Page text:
Thought for the day: Actions speak louder than keystrokes

Business, government and the police must all work together in the fight against e-crime, says Simon Moores.

Simon Moores  

Business, government and the police must all work in the fight against e-crime, says Simon Moores.




With media coverage very much focused on the first day of last week’s e-crime congress, day two passed almost unnoticed.

The release of the NOP poll examing the impact of hi-tech crime on UK business, had revealed, as expected, that the problem of e-crime continues to grow at the expense of business.

But its most revealing bombshell statistic, was the news that at least three companies had, between them, experienced losses in excess of £60m.

Just as revealing, perhaps, was the figure for the number of businesses reporting hi-tech crime to the police was less than 25%. A troubling statistic which strengthens the hands of fraudsters, phishers and extortionists.

On the second day of the conference, assistant chief constable Jim Gamble of the National Crime Squad argued that the National Hi-tech Crime Unit (NHTCU) is everything that SOCA, the Serious and Organised Crime Agency, should aspire to.

“Every police officer needs to understand that e-crime is not just paedophile crime," he said.

"The police need to be more informed and educated and must realise that the convergence between old and new crime has already taken place. There is a danger of undermining our own credibility. Talk is cheap and money buys whiskey and if we have to find a solution, it may have to be in the absence of government support, if necessary.”

He concluded by adding,”We don’t want people saying of our hi-tech policing capability, 'we knew who they were, but not what they did'. Instead, we need to be asking what we can do for you.”

On the first day of the conference, Home Office minister Caroline Flint gave a well-polished performance, which appeared to reiterate the government’s intention of throwing legislation and consultation at the e-crime problem and the promise of a strategy to appear very soon.

But Jim Paice, the shadow police and legal affairs spokesman, offered a very different impression of progress on day two, quoting from Winston Churchill: “So they, [the government], go on in strange paradox, decided only to be undecided, resolved to be irresolute, adamant for drift, solid for fluidity, all-powerful to be impotent.”

He added, “The Conservative Party believes that confidence in the internet is essential to the future of this country and that the race to deliver 100% e-government by 2005, and through digital inclusion, achieve the maximum broadband penetration among the population without considering the potential impact of e-crime is unwise.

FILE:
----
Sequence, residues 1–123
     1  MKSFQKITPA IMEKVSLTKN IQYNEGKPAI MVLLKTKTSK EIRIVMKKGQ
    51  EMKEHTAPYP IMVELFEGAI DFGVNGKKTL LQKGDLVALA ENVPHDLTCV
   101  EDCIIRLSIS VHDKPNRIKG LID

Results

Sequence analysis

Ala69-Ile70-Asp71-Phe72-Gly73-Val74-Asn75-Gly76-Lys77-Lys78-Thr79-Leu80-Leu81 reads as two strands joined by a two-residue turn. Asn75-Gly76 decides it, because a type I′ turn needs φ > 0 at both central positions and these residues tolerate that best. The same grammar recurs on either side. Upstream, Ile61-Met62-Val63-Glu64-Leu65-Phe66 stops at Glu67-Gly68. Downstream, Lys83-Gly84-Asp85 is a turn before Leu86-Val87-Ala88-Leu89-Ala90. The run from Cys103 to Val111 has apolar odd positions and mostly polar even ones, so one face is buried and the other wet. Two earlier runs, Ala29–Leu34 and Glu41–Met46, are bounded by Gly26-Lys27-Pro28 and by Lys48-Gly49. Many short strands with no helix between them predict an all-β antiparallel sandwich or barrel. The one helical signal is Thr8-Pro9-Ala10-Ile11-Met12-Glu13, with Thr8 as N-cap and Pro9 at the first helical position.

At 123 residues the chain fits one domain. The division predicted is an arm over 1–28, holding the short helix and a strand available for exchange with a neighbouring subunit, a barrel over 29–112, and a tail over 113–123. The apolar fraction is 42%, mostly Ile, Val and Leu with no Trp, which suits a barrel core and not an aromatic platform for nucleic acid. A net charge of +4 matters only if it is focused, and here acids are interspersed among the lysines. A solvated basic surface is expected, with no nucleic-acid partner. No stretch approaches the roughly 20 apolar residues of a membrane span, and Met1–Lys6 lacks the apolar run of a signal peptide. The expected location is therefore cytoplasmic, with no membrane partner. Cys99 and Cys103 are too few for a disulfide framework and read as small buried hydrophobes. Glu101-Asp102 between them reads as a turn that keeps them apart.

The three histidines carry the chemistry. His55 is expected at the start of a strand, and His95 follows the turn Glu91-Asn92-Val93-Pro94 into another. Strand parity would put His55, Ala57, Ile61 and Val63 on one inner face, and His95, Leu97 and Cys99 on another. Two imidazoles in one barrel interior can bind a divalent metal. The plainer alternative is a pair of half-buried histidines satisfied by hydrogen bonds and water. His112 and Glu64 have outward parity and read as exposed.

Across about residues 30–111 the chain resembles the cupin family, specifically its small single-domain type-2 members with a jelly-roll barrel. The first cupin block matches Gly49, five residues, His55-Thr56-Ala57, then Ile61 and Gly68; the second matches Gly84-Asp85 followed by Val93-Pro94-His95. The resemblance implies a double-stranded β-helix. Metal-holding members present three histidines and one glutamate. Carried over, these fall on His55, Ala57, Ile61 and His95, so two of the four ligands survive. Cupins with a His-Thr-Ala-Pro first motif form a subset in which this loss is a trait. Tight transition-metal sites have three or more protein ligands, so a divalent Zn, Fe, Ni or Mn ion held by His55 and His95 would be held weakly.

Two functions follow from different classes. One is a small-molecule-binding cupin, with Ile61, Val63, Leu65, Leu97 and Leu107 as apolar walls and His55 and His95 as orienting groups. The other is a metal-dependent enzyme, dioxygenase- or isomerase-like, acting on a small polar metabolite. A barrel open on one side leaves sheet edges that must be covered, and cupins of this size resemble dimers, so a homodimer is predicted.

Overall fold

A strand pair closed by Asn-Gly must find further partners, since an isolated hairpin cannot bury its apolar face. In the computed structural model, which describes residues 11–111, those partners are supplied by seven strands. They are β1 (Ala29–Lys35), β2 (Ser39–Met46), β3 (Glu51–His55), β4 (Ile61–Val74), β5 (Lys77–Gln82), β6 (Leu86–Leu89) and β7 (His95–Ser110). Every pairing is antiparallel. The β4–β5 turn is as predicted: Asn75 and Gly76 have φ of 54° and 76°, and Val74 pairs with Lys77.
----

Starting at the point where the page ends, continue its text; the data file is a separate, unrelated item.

"We would like to call today, not only for the swift publication of the government’s long overdue e-crime strategy document, but also for a much broader review of the nation’s e-crime strategy how government imagines it can resist the approaching tide of digital crime with the overworked resource at its disposal.”

CitiGroup’s director of fraud management, Joe Triano, called for a truly international Hi-tech Crime Agency and, once again, from UK delegates representing the largest institutions and businesses, there was a call for a single organisation in government with authority for all internet security and crime issues, instead of the present Home Office problem.

Delegates agreed that the law is not tough enough on offenders who are invariably punished less than speeding motorists, and that the criminal justice system needs to treat more seriously a criminal process that is, increasingly, threatening brand confidence and the commercial viability of digital business.

Somehow, it was agreed, that business, government and the police must find new ways of sharing information that can lead to a partnership against serious and organised crime on the ground and in cyberspace.

But, how it can be achieved in a practical sense may be a question that is still being asked at next year’s e-crime Congress.

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Setting the world to rights with the collected thoughts and opinions of leading industry analyst Dr Simon Moores of Zentelligence.

Acting globally, Zentelligence (Research) advises governments, suppliers, business and the media on the evolution, application and delivery of leading-edge technologies and specialises in the areas of eGovernment and information security.

For further information on Zentelligence and its research, presentation and analyst services visit 

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